Research output amounts to much more than just academic papers. It is important that underlying datasets, and the software used to analyze them, are also properly cited and that the researchers behind these are given credit for their work. Fortunately, as of today, software citation has become significantly easier. Researchers working at CERN, near Geneva, Switzerland, have developed a tool that allows source code from the popular software development site GitHub to be preserved and cited through the CERN-hosted online repository Zenodo.
Launched almost one year ago, Zenodo is powered by Invenio and was created through the European Commission’s OpenAIREplus project. It facilitates sharing of research outputs from a wide variety of formats across all fields of science. Now, people working on software in GitHub will be able to ensure that their code is not only preserved through Zenodo, but is also provided with a unique digital object identifier (DOI), just like an academic paper.
“Open science is not only about open-access publications; it also means the publication of your data,” says Tim Smith, group leader for collaboration and information services within the CERN IT department. “For data to be reusable, you need to have the software alongside it that was used to read and interpret it.”
The citation tool was developed by Lars Holm Nielsen, a software engineer based at CERN, and Amit Kapadia, who now works at US-based company Mapbox. Kapadia previously worked at Zooniverse as part of the team behind Galaxy Zoo and other popular citizen science projects. He spent two weeks at CERN working with Nielsen to create the tool for Zenodo. “This is an exciting project,” says Kapadia. “As a software developer, I’m looking forward to using these features myself.”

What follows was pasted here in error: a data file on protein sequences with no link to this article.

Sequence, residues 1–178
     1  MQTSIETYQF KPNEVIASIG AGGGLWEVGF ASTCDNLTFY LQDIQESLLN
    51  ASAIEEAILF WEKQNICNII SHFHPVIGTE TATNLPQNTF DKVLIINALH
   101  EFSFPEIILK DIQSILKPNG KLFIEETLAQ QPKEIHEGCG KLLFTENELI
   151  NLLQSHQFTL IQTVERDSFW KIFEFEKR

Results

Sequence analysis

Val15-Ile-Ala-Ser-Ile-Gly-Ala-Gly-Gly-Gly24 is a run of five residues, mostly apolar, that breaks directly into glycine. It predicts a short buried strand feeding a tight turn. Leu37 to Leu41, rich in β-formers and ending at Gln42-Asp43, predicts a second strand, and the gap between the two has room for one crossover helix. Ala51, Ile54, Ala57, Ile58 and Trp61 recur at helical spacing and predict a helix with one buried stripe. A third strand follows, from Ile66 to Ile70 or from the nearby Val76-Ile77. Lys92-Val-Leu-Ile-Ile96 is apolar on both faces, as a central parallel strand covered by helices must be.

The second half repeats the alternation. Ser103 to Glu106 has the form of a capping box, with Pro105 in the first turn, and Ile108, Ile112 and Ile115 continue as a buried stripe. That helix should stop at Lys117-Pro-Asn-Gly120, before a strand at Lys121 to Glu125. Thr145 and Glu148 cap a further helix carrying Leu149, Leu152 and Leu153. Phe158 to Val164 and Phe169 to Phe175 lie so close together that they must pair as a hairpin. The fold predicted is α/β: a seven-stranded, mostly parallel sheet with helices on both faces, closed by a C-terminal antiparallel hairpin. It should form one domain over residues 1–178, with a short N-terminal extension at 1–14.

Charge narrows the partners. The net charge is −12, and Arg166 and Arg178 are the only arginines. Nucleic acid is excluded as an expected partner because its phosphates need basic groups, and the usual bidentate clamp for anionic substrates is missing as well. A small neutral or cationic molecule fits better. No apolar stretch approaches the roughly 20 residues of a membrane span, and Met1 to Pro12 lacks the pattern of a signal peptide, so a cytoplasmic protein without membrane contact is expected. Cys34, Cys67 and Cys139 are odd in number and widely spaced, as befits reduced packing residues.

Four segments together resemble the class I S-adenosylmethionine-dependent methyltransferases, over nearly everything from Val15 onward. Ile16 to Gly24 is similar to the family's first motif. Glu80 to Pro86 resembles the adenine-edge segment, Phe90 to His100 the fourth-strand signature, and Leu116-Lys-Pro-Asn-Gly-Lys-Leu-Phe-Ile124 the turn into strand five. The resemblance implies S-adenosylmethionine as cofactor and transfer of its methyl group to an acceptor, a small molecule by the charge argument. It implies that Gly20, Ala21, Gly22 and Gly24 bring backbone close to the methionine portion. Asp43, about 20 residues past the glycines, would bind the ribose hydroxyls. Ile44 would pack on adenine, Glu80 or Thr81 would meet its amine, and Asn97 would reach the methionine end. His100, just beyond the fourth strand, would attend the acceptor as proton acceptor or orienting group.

“We want to give researchers the credit they deserve for creating great software, by making it citable and helping to preserve it,” explains Nielsen. “However, it’s not only about preservation and citability, but reproducibility as well. It’s important that you can find the software that was used behind the results reported in a paper, so that you can reproduce them if you wish.”
Nielsen and Kapadia also spent time working with the INSPIRE team, to prototype dedicated services for the high-energy physics community. “We want scientists in our community to be able to publish their data and software, and link this tightly back to the INSPIRE records that describe the analysis,” says Smith.
- Andrew Purcell